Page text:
Talc? No Thank You!

This is just one example of why I place ZERO faith in the hazard scores produced by the EWG Skin Deep database:

Talc – Low Risk score of “3”.

ref. https://www.ewg.org/skindeep/ingredient/706427/TALC/#

The Skin Deep database is a project of the Environmental Working Group, so it is a surprise that the people who score this ingredient might appear to be unaware of an article from their own parent company: “Federal Regulators Knew In 1976 That Asbestos Can Contaminate Talc

ref. http://www.ewg.org/enviroblog/2015/09/federal-regulators-knew-1976-asbestos-can-contaminate-talc

So the potential health risk for both inhalation and vaginal use is known to EWG.

FairWarning reported that a March 1976 Food and Drug Administration memo it obtained under the Freedom of Information Act “charged that cosmetics makers had been lax in monitoring the safety of talc supplies.” In light of the industry’s weak efforts, the memo said, FDA had “not much choice but to move ahead as speedily as possible with a proposal of a regulation on asbestos in talc.” FDA backed off, however, after a cosmetics industry trade group said it had developed a test companies would use to screen talc for asbestos.”

So why is this ingredient still being used in makeup? Do professional cosmetic formulators think the risk of brushing on and breathing in a cloud of talc is not something that women should be concerned with?  Do these companies only care about our vagina’s and ovarian cancer, and not our lungs and lung cancer?

Example; this information must be known to Mia Davis, Head of Health and Safety at the cosmetics company Beauty Counter, since her resume includes being the Organizing Director of the The Campaign for Safe Cosmetics from January 2007 – December 2011 (5 years).

  • The Campaign for Safe Cosmetics (CSC) is a project of the Breast Cancer Fund.
  • Environmental Working Group (EWG) is a founding Member of the CSC.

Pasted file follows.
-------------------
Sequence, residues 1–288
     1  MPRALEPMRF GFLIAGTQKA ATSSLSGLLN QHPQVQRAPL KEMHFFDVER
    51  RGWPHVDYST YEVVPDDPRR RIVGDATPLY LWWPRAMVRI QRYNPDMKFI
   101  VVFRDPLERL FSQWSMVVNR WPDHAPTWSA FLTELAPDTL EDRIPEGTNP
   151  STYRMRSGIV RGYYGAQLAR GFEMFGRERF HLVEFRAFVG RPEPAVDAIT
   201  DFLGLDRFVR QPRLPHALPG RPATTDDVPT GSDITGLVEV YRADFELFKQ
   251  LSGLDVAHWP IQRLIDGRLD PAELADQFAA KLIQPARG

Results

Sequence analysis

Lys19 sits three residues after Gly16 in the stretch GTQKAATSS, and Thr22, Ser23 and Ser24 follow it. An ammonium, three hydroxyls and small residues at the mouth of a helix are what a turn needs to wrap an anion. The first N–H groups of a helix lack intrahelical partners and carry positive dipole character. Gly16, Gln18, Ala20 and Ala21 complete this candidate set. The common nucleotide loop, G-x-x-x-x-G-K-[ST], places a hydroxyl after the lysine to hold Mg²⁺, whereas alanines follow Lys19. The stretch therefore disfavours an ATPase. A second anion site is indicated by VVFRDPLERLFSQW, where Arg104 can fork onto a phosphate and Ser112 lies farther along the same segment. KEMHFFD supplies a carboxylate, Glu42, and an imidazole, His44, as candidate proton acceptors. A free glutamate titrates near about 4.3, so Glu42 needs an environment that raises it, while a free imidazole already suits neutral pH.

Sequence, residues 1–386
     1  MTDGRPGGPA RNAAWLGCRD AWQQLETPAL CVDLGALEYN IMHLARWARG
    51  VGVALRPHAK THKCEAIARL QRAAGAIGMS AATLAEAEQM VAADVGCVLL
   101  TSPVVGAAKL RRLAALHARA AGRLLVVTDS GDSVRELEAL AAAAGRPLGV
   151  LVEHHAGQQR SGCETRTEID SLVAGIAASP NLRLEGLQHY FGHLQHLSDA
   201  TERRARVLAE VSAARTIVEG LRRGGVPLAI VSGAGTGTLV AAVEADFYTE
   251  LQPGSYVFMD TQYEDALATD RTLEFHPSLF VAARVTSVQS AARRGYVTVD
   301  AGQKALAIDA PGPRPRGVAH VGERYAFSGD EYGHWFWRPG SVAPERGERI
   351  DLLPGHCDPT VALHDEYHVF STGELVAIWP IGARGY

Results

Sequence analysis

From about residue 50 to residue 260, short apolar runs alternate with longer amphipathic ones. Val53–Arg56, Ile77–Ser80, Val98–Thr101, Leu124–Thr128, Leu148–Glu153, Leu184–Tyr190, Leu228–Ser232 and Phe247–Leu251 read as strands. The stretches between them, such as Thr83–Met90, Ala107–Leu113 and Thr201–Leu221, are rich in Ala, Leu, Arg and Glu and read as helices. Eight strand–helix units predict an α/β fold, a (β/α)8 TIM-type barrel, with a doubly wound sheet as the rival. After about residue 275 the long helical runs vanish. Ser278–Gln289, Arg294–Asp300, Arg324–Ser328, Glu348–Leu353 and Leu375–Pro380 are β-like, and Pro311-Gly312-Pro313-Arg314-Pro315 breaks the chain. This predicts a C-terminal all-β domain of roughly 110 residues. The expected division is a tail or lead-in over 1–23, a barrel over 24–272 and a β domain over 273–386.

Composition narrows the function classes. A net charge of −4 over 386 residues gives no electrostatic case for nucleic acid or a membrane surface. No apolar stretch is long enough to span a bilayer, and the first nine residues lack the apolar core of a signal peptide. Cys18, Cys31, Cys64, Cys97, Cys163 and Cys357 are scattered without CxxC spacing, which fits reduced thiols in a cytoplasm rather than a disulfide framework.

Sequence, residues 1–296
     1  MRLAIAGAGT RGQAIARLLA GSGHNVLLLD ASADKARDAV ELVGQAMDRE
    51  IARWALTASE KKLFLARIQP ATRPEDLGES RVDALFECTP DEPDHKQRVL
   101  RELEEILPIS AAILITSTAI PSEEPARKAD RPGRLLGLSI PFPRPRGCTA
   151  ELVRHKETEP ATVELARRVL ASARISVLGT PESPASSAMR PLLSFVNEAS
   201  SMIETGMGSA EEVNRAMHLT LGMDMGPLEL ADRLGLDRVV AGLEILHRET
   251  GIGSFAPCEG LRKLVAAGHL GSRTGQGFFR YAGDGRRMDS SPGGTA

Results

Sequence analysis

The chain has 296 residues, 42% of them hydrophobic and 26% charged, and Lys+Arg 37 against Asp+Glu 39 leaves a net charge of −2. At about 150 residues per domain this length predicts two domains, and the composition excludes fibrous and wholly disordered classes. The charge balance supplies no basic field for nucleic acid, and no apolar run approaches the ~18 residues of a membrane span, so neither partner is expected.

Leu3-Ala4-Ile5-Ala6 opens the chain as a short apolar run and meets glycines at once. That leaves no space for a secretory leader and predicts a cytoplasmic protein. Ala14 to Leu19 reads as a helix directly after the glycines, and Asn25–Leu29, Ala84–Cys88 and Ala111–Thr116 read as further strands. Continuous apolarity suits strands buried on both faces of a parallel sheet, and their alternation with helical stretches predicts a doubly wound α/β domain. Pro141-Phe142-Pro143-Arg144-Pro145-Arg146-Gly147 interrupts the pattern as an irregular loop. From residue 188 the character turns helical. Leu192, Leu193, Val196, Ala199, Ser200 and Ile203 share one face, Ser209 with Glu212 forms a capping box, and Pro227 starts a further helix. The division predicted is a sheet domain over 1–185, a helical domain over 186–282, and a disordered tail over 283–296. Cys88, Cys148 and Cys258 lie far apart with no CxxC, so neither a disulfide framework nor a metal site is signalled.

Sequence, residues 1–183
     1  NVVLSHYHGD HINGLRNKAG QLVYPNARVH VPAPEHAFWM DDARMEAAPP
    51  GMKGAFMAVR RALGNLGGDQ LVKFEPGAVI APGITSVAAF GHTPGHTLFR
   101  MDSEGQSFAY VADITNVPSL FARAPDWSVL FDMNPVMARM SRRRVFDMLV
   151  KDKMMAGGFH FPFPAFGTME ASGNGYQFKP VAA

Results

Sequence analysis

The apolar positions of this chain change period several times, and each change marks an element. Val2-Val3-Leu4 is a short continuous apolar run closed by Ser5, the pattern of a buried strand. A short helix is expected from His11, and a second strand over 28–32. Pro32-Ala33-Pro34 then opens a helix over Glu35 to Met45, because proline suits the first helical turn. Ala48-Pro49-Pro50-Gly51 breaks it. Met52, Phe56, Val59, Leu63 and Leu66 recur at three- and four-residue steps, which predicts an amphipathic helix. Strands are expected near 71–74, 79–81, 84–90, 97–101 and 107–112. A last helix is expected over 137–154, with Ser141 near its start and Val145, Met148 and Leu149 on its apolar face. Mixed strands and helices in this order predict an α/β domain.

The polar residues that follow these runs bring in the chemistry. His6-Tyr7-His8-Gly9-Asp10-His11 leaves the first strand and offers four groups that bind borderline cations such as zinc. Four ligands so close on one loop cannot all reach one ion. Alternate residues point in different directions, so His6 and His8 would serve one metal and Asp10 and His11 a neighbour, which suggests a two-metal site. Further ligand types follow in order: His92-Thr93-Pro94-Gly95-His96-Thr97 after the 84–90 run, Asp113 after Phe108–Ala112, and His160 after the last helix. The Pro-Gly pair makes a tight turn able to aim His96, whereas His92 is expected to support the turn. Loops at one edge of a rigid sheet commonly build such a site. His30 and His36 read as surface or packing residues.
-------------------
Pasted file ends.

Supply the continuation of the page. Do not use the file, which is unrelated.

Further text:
• Beauty Counter is listed on their websites as a supporter of EWG.

But how, you may ask, is EWG’s Skin Deep related to the Campaign for Safe Cosmetics?

The Skin Deep database was conceived and created by, and is run by, our research team here at the Environmental Working Group in Washington DC. We are also cofounders of the Campaign for Safe Cosmetics. We’ve helped that coalition by using our Skin Deep database to monitor companies’ progress in meeting safe cosmetics standards. But Skin Deep is an independent EWG project.

ref. http://www.ewg.org/skindeep/faq/

So my question, why do some Beauty Counter cosmetics contain talc as their first ingredient?

Their own Head of Health and Safety knows not only that this ingredient is linked to causing cancer but also *should* know there are safer and more eco-friendly alternatives. We might expect this ingredient in an inexpensive grocery store or drug store brand, but in a high end, expensive, product line marketed *as* being “safer products”? With or without asbestos contamination – TALC is a hazardous ingredient and one which has no place in a product line marketed as “safer”. Exactly how is TALC “safer” than an ingredient found in a competing brand?

While there may not be safer alternatives to all cosmetic ingredients – the most challenging being preservatives – there ARE safer alternatives to TALC!

DISCLOSURE: This is a personal opinion on the ingredient “talc” and not disparaging of the product line being used as an example in this article.